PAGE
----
Yes, the committee has said it supports waste-to-energy under certain circumstances, but not next-generation, which, by the way, I agree with, but for different reasons.

His report cited observations made by a wide range of stakeholders indiscriminately, even if they were factually wrong. A little fact-checking would have gone a long way to dispelling myths, such as the one that the European Union recommended member states stop building new EfW facilities and decommission existing ones.

The National Toxics Network made the statement citing a communication from the European Commission regarding the role of waste-to-energy in the circular economy.

A fact check showed that the European Commission had not stated what the Toxics Network was alleging.

What the EU communication addresses concerns the role of public financial support for EfW installations.

Basically, the European Commission said that there are already a large number of EfW installations in the EU. Therefore, public financial support for the construction of new facilities should be limited in order to ensure that the waste hierarchy is respected first; and the existing overcapacity in some countries should be used by countries with less capacity to export their waste to EfW facilities that have a demand for fuel.

He recommended phasing out public (financial) support for EfW installations. The technologies are well established and are not expected to require additional financial support. Compare that to Australia or NSW, where there are currently no large-scale EfW installations in operation. Not really a good comparison case, okay? But the myth has been created that the EU no longer supports EfW. Which sucks, pardon the pun.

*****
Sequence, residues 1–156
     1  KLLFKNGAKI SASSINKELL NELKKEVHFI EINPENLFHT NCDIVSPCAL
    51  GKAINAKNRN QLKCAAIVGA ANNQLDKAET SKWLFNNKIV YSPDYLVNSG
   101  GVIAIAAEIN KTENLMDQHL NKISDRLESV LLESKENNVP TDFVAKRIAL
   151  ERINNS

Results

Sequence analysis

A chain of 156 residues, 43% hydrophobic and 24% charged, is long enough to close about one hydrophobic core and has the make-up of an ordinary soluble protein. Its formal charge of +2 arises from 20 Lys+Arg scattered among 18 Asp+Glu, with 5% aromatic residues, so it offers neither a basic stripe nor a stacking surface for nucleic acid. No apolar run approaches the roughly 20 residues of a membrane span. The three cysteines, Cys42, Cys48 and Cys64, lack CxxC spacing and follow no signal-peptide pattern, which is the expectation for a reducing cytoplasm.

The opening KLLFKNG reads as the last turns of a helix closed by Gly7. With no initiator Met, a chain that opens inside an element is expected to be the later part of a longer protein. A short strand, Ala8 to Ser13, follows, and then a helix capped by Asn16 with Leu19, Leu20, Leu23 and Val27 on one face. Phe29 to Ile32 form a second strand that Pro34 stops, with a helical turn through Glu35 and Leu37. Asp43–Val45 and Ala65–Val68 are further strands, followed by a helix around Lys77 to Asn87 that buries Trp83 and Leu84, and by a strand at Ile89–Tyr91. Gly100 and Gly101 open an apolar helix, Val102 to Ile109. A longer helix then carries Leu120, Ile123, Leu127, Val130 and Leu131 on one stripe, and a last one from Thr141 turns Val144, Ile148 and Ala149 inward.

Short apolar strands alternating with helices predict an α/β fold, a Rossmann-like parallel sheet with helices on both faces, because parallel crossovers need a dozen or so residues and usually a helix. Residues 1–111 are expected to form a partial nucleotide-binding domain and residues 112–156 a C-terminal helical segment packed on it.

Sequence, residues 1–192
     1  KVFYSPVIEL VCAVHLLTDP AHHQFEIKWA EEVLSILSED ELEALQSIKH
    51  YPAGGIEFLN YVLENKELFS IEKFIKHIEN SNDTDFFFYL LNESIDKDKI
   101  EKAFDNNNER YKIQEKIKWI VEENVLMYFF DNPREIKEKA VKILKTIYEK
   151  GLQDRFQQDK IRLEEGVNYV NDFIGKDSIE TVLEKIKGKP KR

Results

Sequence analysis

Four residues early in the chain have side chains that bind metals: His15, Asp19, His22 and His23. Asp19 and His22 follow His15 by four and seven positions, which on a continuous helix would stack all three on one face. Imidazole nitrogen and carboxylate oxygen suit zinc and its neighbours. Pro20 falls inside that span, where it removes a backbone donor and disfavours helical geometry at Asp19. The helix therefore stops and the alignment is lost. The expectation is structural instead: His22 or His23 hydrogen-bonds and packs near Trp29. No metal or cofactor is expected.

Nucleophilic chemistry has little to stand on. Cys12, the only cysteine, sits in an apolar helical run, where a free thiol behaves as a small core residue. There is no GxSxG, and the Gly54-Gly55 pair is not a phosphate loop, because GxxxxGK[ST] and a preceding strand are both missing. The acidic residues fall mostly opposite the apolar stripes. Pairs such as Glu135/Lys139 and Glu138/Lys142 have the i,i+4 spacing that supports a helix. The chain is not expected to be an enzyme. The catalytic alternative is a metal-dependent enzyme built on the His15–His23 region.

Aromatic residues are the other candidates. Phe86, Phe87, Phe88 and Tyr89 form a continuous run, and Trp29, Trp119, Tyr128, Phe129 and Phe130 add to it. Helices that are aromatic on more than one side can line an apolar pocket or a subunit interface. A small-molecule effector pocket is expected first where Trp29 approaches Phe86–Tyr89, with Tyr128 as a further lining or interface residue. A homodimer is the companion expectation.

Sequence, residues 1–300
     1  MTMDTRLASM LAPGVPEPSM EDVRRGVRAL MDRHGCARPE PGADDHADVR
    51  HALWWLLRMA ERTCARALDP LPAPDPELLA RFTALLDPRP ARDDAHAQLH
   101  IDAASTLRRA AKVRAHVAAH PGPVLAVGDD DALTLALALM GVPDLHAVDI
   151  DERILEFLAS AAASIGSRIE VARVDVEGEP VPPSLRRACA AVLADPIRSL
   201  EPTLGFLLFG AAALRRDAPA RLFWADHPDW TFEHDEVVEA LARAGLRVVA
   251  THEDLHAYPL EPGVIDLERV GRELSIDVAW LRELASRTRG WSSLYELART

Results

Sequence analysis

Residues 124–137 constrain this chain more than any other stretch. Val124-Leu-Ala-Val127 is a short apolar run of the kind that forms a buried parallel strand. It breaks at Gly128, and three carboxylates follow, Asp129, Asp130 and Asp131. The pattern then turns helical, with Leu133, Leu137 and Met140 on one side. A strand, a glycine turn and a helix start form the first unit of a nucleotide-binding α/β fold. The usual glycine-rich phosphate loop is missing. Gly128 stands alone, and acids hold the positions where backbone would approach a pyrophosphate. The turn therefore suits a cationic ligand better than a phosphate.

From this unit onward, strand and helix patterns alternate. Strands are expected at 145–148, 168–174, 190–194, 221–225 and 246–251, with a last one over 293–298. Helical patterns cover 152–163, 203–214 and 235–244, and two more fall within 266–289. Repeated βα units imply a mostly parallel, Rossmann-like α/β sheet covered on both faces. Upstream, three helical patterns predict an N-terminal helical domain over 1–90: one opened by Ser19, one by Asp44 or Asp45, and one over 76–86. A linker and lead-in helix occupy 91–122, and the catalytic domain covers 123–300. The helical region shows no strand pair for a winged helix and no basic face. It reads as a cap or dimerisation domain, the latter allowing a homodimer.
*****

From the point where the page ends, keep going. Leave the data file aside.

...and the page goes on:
The EPA and the NSW government have come out in favor of EfW on paper, but in reality they’ve blocked it at every turn, sometimes using false (“like rubbish”) arguments. ). The government allowed several projects to enter the planning stage only to later change where it would or would not support any of these facilities. Yes you can build one in the outback but not in Sydney please where we generate all the waste. . You see, there are fewer votes to lose in Parkes…

A good example of how you create sovereign risk! A bad example for a working waste management policy framework.

Frank Klostermann is director of Full Circle Advisory, a consulting firm specializing in sustainability and the environment. He has over 25 years of experience as a senior executive in the waste and recycling industries.